With her 8 April court date looming, Sabine McNeill is frantically trying to backpedal her way out of charges of witness intimidation, which could conceivably result in her spending time in prison. Sabine, who along with Neelu Berry faces charges for having illegally released Neelu’s witness statements on her ‘In the Best Interests of the Whistleblower Kids’ blog, has now replaced those statements with the following hand-written note:
Too little, too late
The statement, which Sabine says she penned during her most recent arrest on 10 January, makes the surprising claim that “while I believe I published the article in question, I do not remember any details at all”.
I am surprised that it took the witness 10 months to let me know of the intimidation I caused.
I am very sorry and apologise.
I am also surprised that the reason for arresting me required a surprise visit at night, even though I had informed my solicitor of the two phone calls I had from PC Davey.
My solicitor assured me that he would arrange for the interview.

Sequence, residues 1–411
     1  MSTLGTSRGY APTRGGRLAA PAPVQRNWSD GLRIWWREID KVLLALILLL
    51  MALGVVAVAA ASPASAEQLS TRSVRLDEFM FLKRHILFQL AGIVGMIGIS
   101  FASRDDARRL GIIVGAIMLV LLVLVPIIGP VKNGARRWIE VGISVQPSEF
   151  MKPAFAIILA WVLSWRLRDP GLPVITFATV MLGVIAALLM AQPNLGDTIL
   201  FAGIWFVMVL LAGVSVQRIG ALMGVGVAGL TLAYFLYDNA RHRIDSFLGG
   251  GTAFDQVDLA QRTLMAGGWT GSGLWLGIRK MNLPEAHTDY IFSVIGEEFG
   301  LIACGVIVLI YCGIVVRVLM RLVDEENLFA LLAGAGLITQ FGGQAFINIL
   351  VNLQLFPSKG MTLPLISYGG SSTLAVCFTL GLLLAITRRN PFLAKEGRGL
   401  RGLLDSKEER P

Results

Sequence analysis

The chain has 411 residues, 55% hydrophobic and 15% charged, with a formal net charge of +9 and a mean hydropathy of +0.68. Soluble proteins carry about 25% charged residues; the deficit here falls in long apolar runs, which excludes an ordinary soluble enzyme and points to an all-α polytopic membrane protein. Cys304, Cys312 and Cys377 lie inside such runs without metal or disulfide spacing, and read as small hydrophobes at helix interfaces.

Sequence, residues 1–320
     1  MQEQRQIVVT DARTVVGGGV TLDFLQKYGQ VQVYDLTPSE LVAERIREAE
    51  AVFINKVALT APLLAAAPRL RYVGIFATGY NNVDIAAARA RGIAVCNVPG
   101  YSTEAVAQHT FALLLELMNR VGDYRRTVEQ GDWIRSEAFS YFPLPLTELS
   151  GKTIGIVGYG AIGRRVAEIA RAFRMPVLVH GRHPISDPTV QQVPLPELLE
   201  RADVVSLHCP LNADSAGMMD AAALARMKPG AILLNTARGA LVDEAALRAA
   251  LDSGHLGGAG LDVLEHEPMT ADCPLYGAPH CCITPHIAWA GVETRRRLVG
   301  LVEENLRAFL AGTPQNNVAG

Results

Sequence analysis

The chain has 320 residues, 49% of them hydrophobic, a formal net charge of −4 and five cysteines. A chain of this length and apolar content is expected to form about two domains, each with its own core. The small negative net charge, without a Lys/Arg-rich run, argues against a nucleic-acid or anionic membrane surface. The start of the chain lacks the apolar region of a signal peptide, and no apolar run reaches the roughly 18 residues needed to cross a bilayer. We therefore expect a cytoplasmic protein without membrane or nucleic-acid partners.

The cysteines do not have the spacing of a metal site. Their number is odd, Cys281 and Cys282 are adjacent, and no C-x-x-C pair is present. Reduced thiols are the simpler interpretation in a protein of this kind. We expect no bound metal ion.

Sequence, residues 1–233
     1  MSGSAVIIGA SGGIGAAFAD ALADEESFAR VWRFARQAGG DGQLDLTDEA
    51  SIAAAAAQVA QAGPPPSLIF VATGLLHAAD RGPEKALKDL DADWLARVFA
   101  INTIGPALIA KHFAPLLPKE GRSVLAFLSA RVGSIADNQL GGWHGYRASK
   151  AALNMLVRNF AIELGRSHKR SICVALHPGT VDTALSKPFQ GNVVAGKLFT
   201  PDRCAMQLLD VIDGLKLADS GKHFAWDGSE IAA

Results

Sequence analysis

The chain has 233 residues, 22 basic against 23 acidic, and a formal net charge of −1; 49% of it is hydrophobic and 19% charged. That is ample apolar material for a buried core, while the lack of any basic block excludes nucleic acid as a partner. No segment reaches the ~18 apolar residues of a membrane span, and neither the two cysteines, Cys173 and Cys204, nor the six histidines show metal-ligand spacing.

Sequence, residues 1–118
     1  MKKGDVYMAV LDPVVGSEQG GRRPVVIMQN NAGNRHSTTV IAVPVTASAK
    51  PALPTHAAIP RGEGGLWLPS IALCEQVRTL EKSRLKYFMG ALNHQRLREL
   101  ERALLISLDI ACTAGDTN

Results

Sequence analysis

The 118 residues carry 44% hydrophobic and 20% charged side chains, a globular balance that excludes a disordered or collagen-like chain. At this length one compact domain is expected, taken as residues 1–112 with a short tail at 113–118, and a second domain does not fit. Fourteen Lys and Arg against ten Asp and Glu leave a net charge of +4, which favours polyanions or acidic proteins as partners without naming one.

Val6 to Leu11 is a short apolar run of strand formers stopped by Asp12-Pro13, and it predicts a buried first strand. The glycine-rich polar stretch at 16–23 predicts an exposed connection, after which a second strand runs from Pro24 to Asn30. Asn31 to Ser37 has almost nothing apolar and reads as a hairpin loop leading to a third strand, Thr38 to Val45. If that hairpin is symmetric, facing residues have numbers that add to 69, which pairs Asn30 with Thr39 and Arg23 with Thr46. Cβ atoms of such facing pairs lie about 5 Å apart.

I am now carrying it out without him.
P.s. I closed the blog Whistleblower Kids a few days ago.
Is this intended to be an apology? If so, it falls far short—as usual, Sabine takes absolutely no responsibility for her own appalling behaviour, but tries to shift the blame onto everyone else: her victims (there are more than one), the police, her solicitor…everyone is to blame for this sorry situation, but not Sabine. No, no, no!
As for her claim that she ‘closed the blog’ a few days ago: um, nope. It’s still there, and has been all along.
In the text accompanying the handwritten statement, Sabine says:
Instead of the ‘witness statements’ that I had put here in April 2015 whilst in exile in Germany, I am now putting the text that I wrote in the middle of the night at Holborn Police station.
Our suspicion is that Sabine intends to use the fact that she fled justice in the UK, and was residing in Germany at the time she posted the witness statements, as her defence against the charges facing her: crimes that are committed while the defendant is out of the country are not able to be prosecuted once the person returns home.
However, she has had the illegality of the witness statements drawn to her attention multiple times since her return last August, and until now, has chosen to leave them standing. This leads us to suspect that her legal team has had a stern word with her.
Let us hope that in preparing for the case against Sabine, the CPS has also gathered up the reams of harassing and defamatory material she has published, both before her flight from justice and following her return.